Arnold Schoenberg’s Gurre-Lieder are not performed often, and one reason involves simple logistics. Not only is a professional orchestra of gigantic proportions required, but also five soloists with Wagnerian voices, a narrator, an eight-part mixed chorus, three four-part male choirs, and a conductor crazy enough to try to keep some 400 musicians from going off the rails. That crazy man last night was Kent Nagano, who impressed without reservation in this performance at the Wiener Festwochen. In a sea of musicians who pick up a baton and decide to try conducting, it is refreshing to see a born and bred conductor who knows his craft inside and out. Nagano led this massive beast of an ensemble with precision, energy and skill through some very tricky music, handling Schoenberg’s dense orchestration masterfully.

Kent Nagano © Felix Broede
Kent Nagano
© Felix Broede

One of Nagano’s main tasks in the first section was keeping the Vienna Symphony Orchestra from burying the three soloists, soprano Angela Denoke (Tove), tenor Jay Hunter Morris (Waldemar) and mezzo Mihoko Fujimura (Wood-Dove). Not that any of the three lacked the pipes to cut through, but against an orchestra which included ten horns (including four doubling on Wagner tubas), seven trumpets, eight flutes, four harps, a celesta, armies of strings and a rash of percussion instruments including “a number of large, iron chains”, and six kettle-drums, the gods themselves would have to ask the orchestra to rein it in from time to time.

The work opens with an orchestral prologue setting a pastoral tone, full of fluttering strings, winds and harp. What follow are nine songs (alternately sung by Waldemar, a Danish king, and his secret love, Tove) connected by orchestral interludes. They begin heavily focused on the nature surrounding the castle of Gurre and grow increasingly amorous and passionate. Denoke’s warm sound fit beautifully with the orchestral textures, while Morris’ much brighter tenor sound cut through energetically. A dramatic orchestral interlude follows, and then the voice of the Wood-Dove recounts Queen Hedwig’s jealous murder of Tove and King Waldemar’s grief. This is a genius bit of programmatic music, dramatically managed by Schoenberg. As the Wood-Dove’s tale draws to a close, slow triplets in the high winds over a fatalistic plodding in the bass prepare us for the horrific news that it was “Helwig’s hawk that brutally mauled Gurre’s dove”.

In the brief second section Waldemar accuses God of taking away his last refuge of peace and hope when he let Tove die. He calls God a tyrant and says he would happily be heaven’s jester to show God’s faults while all the heavenly hosts stand around and sing his praises.

In the final section things get really crazy. Whereas up to this point, Schoenberg has been firmly based in the sweeping, grandiose, late-Romantic idiom (the influence of Wagner is tough to miss), in the third section the music shifts in a direction presaging Schoenberg’s future. It is much more minimal in orchestration, less melodic and quite motif-driven; closer to the style of his 1909 one-act monodrama Erwartung. It opens with Waldemar waking his men (sung by the male choruses) from the dead and ordering them to Guerre where they wildly carouse (“Gegrüsst, o König, an Guerressees Strand!”) until dawn drives them back into their graves (“Der Hahn erhebt den Kopf zur Kraht”). During their wild night, a farmer (baritone Albert Dohman) sings of his protective measures against the supernatural army outside. Waldemar then sings of his interminable longing for Tove, and the fool Klaus (tenor Kurt Azesberger) complains about being dragged from his grave and forced to ride with the ghostly masses in a blackly humorous song (“Ein seltsamer Vogel ist so’n Aal”). Waldemar then threatens God with violence, should he be separated from Tove in death (“Du strenger Richter droben”). Finally, the narrator (Sunnyi Melles), in a partially spoken, partially sung “Sprechgesang” style, recounts “The Summer Wind’s Wild Chase” (“Des Sommerwindes wilde Jagd”) in a widely scored, post-tonal section foreshadowing Schoenberg’s 1913 work Pierrot Lunaire. Finally the combined choir sings in the appearance of the sun (“Seht die Sonne!”), ending this epic cantata.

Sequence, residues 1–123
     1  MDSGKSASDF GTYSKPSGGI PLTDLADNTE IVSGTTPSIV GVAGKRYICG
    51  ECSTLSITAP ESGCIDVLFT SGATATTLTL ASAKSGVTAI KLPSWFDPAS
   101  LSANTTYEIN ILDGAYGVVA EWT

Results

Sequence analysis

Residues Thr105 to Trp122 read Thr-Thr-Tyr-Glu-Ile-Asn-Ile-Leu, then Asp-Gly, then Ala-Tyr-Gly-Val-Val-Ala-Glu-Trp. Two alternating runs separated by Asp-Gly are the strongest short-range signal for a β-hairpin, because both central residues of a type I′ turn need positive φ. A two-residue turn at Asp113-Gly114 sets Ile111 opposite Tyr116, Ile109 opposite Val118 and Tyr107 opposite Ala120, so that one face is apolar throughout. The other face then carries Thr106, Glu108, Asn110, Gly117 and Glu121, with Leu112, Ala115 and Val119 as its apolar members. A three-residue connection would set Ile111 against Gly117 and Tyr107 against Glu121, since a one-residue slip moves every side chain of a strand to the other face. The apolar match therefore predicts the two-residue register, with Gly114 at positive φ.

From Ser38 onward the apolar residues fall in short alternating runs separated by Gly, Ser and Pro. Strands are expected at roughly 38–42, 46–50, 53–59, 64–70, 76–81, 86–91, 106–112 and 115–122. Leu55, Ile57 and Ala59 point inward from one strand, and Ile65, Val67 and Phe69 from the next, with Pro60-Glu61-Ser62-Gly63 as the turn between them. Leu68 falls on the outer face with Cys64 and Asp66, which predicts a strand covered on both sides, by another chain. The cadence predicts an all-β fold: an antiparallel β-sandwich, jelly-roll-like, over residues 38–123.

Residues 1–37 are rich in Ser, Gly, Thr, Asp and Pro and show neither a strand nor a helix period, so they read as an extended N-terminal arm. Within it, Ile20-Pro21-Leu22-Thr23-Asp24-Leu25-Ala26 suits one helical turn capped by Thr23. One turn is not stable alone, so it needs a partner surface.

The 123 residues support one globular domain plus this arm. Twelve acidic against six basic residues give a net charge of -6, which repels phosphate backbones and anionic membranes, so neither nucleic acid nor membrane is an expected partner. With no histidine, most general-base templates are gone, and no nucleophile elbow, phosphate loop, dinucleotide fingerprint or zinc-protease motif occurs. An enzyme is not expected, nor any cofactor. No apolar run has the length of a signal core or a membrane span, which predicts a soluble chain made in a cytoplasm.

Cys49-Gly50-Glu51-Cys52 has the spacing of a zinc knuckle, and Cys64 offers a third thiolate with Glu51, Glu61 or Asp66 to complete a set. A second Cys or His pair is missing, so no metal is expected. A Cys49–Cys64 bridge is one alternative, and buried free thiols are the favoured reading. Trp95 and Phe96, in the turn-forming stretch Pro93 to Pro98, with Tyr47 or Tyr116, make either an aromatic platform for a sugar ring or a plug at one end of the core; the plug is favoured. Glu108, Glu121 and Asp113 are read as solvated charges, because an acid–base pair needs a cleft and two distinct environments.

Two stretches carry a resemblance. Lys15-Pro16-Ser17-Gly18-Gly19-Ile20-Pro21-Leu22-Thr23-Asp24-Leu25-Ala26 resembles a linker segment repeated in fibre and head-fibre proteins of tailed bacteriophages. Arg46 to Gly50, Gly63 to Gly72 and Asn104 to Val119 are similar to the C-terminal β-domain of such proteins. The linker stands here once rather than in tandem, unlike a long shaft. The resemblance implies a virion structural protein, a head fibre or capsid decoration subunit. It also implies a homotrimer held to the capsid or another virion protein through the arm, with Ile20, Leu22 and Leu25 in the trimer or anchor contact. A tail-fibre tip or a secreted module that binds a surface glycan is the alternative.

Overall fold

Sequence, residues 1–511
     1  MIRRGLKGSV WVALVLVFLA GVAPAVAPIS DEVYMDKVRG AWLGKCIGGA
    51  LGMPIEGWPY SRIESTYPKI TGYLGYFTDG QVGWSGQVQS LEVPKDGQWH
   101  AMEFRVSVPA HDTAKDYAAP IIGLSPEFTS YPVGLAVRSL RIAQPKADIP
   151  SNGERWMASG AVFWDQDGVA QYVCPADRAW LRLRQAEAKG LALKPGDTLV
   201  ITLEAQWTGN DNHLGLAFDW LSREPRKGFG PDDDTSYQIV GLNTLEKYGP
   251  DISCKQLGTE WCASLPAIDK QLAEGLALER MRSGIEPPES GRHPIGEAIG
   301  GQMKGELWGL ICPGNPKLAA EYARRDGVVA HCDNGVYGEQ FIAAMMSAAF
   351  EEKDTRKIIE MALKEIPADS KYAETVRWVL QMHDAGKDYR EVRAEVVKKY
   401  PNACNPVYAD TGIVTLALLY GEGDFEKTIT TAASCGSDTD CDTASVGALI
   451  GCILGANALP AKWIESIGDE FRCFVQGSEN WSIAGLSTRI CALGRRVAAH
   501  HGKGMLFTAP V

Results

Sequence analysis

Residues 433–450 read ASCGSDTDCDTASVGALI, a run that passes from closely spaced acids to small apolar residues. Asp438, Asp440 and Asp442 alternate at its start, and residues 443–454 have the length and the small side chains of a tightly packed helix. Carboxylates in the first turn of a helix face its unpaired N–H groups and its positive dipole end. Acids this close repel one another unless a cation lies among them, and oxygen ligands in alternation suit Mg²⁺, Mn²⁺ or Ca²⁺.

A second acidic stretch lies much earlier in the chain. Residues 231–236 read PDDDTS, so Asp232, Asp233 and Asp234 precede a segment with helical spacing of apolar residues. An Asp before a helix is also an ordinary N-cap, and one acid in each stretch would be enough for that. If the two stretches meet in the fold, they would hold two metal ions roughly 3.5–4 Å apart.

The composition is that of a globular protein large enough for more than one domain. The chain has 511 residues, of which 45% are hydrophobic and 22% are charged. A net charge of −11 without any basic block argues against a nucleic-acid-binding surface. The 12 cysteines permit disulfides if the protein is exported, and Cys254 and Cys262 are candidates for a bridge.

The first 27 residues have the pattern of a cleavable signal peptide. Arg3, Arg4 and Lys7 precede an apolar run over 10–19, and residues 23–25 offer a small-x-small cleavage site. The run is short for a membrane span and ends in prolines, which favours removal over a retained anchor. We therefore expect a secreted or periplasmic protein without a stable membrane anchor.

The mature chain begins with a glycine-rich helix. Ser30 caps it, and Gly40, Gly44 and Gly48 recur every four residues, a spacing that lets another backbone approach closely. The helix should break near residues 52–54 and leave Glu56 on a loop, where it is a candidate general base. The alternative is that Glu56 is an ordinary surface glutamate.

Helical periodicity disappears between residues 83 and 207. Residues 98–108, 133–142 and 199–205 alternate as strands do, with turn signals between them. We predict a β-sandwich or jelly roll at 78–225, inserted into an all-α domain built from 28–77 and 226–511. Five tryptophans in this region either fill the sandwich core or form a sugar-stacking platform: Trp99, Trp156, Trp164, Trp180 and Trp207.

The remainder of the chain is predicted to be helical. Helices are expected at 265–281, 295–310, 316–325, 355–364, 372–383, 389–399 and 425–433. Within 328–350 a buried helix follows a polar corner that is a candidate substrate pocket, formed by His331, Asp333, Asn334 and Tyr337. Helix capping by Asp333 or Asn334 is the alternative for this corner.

What an event to manage! Just thinking of the organization and effort involved in pulling off a project of this scale makes me want to assume a fetal position and suck my thumb. But beyond that, the soloists were excellent; Jay Hunter Morris will want to refine his German pronunciation if he wants to do much more singing in Vienna, but he was well in control of his difficult role, and Mihoko Fujimura’s song of the Wood-Dove was a particular highlight. Furthermore, the Vienna Symphony were impressive, the narrator fascinating, and the choirs (flown in from Spain and Slovakia to enrich the Wiener Singakademie) able to lift the audience out of its chairs by virtue of pure sound production alone. Bravo to all concerned.